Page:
A Family Adventure

Tyson, Emilie & Isaac

Black fly forecast: high danger

April 30, 2016
Emilie Phillips

Tyson found a new conservation area north of Lake Nubanusit with 6 miles of trails, a pond, and a kid friendly summit. What could go wrong?

Black fly season and I had forgotten all about it so we had neither bug nets nor bug spray. For those of you not from New England, Minnesota, or Canada, black flies are a small innocuous looking fly slightly larger than a gnat. They all hatch first thing in the spring and disappear once the weather turns hot. For all their tiny size, they have a huge bite that swells up and itches.

Willard Pond
Willard Pond

We planned our trip using the New Hiking the Monadnock Region guide. It suggested an out and back along Willard Pond and up to scenic ledges on Bald Mountain. It mentioned several other trail options. The Audubon Society has more trail descriptions on their page for the dePierrefeu-Willard Pond Sanctuary. However, none of the trails were on Open Street maps, so Tyson brought his cell phone to fix that.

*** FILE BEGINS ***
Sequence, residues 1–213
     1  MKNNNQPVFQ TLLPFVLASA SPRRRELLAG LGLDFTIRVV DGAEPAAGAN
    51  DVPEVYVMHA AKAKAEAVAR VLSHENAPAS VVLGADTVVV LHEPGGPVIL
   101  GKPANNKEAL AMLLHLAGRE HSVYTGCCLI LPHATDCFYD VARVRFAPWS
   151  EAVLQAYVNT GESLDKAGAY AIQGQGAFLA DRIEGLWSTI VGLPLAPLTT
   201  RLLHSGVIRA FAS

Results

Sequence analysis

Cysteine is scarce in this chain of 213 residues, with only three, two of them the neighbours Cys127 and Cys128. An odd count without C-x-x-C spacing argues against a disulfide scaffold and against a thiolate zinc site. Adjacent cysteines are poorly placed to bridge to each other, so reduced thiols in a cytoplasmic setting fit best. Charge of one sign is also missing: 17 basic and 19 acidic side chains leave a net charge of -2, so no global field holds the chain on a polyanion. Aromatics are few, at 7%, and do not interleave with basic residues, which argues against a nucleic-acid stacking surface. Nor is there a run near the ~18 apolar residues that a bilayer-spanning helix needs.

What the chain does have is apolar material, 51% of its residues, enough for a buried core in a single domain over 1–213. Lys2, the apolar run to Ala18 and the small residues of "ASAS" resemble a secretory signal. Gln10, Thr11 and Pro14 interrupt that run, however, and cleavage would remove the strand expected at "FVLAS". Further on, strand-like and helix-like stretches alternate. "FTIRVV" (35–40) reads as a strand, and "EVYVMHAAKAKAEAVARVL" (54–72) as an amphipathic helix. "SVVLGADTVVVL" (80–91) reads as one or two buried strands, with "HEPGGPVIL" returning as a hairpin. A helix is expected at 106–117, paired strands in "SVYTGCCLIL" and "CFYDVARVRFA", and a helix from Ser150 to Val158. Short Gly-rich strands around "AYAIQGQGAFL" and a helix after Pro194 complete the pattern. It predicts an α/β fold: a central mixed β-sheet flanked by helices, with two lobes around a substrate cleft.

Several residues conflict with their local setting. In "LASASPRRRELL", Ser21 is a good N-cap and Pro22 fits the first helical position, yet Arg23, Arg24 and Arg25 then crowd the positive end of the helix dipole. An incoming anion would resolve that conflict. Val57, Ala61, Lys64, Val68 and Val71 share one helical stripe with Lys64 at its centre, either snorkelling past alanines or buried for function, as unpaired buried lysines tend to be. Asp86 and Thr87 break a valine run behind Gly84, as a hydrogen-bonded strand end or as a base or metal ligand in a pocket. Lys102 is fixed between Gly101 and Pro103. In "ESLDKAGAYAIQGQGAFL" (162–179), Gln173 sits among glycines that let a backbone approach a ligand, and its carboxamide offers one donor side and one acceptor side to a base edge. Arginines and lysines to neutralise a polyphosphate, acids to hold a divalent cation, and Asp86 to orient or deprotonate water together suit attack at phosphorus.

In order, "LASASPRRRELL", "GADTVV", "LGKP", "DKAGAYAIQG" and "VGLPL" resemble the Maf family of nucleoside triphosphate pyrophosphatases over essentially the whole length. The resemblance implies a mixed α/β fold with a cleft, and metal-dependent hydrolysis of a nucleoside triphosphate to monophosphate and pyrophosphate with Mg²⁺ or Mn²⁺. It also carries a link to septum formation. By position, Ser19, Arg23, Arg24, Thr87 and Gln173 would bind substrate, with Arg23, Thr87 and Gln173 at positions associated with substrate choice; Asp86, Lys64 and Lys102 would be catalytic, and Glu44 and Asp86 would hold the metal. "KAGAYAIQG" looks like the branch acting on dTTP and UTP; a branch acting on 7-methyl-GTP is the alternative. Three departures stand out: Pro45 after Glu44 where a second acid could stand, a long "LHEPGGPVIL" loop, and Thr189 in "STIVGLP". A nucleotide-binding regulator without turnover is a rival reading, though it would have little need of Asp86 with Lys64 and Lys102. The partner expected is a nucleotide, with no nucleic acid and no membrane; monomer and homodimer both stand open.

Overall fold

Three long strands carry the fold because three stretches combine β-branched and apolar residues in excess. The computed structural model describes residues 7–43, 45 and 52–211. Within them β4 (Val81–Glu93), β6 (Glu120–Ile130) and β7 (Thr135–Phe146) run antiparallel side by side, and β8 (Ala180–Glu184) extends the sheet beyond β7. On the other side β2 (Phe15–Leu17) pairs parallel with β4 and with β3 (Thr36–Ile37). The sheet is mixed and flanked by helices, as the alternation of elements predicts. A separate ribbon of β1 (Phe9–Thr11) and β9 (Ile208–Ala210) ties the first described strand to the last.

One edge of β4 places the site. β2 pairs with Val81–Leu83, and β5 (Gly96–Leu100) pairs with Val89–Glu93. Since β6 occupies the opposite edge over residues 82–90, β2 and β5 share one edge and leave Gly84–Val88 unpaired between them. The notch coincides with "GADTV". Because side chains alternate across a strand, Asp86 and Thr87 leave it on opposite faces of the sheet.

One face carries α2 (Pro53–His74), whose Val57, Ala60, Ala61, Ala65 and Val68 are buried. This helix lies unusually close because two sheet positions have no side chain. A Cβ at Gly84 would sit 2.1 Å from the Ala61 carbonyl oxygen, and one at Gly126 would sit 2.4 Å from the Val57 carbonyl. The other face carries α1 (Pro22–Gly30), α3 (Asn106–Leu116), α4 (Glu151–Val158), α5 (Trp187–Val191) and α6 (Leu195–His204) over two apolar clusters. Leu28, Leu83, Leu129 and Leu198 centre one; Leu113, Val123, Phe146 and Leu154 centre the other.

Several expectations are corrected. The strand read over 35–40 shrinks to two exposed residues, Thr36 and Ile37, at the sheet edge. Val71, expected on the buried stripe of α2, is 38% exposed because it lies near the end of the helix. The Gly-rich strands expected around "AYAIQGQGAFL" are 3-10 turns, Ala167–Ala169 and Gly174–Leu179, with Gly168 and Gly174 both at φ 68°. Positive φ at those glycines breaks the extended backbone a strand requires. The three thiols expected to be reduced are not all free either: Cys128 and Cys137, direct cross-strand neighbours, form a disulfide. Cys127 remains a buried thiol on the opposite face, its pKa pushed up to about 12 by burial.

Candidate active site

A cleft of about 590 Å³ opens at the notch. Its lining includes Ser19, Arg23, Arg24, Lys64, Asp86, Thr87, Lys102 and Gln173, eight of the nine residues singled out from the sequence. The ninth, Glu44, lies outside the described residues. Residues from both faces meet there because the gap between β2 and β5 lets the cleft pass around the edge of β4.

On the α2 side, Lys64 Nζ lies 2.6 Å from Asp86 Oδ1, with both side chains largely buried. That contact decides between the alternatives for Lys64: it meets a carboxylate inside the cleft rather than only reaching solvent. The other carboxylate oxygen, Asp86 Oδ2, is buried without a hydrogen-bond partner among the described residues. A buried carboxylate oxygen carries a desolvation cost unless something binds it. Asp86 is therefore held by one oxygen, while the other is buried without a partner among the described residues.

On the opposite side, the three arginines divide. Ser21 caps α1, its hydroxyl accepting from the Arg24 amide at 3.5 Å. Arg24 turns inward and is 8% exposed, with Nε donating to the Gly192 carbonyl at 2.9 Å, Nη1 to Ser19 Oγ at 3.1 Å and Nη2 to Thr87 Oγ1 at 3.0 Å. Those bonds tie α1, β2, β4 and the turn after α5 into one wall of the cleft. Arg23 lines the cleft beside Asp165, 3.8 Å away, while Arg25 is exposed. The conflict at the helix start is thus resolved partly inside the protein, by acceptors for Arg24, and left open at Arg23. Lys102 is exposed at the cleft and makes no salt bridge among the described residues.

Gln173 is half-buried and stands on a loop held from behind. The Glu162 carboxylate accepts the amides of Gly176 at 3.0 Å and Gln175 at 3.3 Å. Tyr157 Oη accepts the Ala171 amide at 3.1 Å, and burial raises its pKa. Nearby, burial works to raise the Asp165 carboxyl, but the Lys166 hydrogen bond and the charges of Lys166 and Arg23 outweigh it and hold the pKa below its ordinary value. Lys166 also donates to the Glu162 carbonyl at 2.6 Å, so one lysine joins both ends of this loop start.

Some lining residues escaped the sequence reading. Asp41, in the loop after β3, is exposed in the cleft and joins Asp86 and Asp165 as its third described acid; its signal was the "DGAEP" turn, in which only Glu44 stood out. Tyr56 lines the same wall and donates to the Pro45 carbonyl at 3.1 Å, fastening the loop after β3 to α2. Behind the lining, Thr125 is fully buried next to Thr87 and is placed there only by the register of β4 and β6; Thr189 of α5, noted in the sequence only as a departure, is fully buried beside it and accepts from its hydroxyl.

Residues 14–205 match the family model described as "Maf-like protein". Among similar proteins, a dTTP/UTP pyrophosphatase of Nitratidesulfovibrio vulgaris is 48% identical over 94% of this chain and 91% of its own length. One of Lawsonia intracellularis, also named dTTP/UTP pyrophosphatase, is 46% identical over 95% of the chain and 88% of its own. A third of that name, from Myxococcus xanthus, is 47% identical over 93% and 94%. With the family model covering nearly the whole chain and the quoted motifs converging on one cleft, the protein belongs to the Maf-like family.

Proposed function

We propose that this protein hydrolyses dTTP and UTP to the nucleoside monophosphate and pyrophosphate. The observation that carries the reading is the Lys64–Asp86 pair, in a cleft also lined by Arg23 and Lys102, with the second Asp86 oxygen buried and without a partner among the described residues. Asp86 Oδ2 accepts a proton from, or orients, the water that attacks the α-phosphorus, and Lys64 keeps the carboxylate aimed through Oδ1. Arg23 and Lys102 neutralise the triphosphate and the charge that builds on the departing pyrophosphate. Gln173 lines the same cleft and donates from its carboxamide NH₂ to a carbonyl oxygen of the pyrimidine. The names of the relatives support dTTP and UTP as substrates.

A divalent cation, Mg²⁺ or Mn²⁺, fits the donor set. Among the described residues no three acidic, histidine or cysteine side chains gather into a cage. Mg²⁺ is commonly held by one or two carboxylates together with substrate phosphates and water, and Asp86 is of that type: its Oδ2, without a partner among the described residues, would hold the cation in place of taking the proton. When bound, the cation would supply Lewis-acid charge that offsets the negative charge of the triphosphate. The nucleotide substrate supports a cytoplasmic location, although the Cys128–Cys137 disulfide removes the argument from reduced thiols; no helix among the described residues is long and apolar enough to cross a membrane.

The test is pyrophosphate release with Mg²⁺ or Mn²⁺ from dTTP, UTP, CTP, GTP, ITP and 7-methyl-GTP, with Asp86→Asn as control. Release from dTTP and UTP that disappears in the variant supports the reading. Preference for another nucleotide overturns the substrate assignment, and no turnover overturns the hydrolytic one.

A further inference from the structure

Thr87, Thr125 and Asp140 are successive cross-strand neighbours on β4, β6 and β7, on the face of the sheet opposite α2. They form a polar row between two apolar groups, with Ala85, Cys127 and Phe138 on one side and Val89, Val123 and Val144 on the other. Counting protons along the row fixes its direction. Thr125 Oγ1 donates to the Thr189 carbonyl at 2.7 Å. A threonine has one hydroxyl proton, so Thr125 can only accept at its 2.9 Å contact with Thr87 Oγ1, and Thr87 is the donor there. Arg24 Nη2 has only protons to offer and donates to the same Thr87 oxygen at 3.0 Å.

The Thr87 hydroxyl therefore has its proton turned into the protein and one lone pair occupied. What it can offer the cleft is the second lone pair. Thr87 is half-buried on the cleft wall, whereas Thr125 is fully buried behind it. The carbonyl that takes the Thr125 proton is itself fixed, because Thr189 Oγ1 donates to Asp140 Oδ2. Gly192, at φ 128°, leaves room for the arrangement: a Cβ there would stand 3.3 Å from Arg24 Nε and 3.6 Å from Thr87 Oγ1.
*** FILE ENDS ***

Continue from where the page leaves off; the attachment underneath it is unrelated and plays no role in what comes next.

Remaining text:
We saw some folks headed out to fish Willard Pond in canoes and kayaks. Isaac “fished” from shore while I tried to take pictures of salamanders in the water. Along the lake, the viburnum were just starting to bloom. I found some small yellow bell shaped flowers that I don’t recognize. Way out in the water, we spotted a loon and occasionally heard it’s call.

Rock climbing
Rock climbing

One of the features of the hike was piles of large glacial boulders. We paused to scramble around a few of these. When we tucked under the rocks, Isaac declared we were hiding from the bugs.

The inconsistent breeze along the pond blew enough of the black flies away to be tolerable. Once we turned off the Tudor trail onto the Bald Mountain trail, the flies got worse, much much worse. The breeze disappeared and Isaac slowed to a fly’s pace climbing up the hill.

Tyson's black flies
Tyson’s black flies

The views from the ledges were beautiful. There were lady slippers and trillium poking up. But we were all too harried from the flies to enjoy it. We stopped for a brief snack in the limited breeze at the ledges. Then we took the shortest trail back to the car. We didn’t eat lunch until we were all hiding in the car, safely protected from the swarming flies by a thick pane of glass.

We’ll be back again. It looked like a really nice undeveloped area. Next time we’ll come better prepared.

All Photos


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